Germination and Growth of Alfalfa (Medicago sativa L.) Irrigated with Different Dilutions of Red Sea Water

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Yousuf Ahmad, Haydar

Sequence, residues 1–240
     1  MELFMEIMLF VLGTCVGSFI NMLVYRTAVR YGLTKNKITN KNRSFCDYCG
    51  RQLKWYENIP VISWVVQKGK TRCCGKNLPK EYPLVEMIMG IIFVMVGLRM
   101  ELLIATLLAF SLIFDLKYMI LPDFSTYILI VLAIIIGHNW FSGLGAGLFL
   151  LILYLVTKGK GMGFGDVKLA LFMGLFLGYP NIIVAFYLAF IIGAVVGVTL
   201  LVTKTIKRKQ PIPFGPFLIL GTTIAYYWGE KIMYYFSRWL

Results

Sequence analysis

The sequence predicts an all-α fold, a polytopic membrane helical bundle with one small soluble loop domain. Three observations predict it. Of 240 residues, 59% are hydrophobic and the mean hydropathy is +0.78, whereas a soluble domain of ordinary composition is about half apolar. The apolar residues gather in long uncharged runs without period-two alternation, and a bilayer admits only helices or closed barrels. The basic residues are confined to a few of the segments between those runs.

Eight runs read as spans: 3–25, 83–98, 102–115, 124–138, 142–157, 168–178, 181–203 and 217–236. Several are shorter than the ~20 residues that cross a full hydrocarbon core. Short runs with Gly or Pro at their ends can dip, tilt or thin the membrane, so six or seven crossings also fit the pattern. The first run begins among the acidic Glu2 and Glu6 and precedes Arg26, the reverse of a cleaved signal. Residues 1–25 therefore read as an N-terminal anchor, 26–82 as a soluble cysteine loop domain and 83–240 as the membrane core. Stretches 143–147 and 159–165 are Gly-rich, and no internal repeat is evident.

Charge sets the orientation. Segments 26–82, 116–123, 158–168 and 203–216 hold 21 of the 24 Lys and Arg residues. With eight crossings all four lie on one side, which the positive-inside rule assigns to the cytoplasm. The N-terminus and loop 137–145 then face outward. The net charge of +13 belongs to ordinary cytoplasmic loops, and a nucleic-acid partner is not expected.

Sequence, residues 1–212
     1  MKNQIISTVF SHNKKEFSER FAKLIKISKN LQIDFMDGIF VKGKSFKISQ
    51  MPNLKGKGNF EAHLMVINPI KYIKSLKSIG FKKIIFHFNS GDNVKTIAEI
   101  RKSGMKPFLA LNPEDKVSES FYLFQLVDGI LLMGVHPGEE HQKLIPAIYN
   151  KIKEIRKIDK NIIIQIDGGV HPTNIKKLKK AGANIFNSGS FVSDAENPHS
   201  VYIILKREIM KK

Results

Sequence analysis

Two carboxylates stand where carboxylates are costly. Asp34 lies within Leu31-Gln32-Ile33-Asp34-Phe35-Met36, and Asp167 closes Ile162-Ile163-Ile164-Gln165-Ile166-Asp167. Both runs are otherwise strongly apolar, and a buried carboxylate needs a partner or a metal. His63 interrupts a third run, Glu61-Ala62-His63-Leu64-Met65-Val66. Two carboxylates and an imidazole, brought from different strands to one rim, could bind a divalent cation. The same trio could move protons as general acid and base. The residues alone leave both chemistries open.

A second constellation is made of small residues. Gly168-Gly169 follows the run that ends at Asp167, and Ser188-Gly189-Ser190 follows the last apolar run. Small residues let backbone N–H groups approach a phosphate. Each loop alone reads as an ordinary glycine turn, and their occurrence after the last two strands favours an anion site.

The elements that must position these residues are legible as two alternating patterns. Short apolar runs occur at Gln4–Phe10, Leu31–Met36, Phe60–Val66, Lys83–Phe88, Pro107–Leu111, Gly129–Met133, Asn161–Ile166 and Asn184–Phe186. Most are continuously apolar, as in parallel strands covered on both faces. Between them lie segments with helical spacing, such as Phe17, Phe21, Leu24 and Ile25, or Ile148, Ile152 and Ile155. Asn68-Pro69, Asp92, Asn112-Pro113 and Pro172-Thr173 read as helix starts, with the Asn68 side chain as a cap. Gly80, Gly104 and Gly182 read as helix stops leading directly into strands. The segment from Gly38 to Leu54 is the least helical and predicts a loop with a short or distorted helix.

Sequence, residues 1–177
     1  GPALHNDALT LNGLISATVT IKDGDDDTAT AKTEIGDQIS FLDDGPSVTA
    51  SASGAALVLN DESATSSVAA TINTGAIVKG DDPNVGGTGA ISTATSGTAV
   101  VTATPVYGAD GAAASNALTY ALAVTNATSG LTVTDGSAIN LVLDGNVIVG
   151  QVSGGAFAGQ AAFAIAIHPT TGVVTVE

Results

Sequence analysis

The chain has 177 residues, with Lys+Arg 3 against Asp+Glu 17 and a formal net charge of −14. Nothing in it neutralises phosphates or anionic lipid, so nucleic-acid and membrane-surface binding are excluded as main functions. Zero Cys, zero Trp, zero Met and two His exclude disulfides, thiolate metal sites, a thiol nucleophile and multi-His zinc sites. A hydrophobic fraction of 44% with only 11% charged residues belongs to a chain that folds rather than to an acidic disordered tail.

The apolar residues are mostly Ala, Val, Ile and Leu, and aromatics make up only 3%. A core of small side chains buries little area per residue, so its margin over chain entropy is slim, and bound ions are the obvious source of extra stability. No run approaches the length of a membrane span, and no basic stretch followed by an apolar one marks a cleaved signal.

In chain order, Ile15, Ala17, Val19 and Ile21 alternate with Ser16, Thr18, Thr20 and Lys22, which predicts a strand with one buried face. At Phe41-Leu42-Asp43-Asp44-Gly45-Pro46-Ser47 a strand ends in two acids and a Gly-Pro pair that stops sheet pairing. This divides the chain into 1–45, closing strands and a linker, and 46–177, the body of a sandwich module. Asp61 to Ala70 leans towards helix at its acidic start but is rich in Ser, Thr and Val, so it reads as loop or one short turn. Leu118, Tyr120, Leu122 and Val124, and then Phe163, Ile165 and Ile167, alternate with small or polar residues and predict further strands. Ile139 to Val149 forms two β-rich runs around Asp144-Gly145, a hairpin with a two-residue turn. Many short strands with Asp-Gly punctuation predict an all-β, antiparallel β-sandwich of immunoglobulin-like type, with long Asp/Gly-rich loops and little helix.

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Two experiments were conducted at the Faculty of Agriculture University of Khartoum to evaluate germination capacity and growth of four cultivars of alfalfa (Medicago sativa L.), irrigated with mixtures of Red Sea water and fresh water. The cultivars were Higazee, Yazd, Siriver and Cuf101. Plants were grown in loamy sand culture in plastic pot. The plants were irrigated with mixture water of EC 0.4, 3.4, 5.5, 9.8 and 16.5 and 0.4, 2.5, 3.4, 4.6 and 5.5dSm-1 for the first experiment and second experiment respectively. Measurements made in the study included plant height, leaf number and root/ shoot ratio. The threshold value at which plants germinated was 3.4 dSm-1 (1:15 Seawater: Freshwater) for all cultivars. Water with EC 3.4dSm-1 resulted in an acceptable germination level for all cultivars. A mixture with EC above that would either result in germination percentage around 50% or may lead to a complete failure of germination. Generally, increasing the level of salinity of irrigation water significantly decreased the rate of growth. Significant genotypic differences in plant height, leaf number and root/ shoot ratio were found among the cultivars under different saline water treatments. Cultivar Yazd appeared to be the most salt tolerant in terms of plant height, number of leaves and root/ XII shoot ratio. It was generally observed that Cuf101 and Siriver cultivars are slow growers even under fresh water. Growth was severely checked by water of EC 2.5dSm-1 indicating a very low tolerance of alfalfa to saline irrigation water.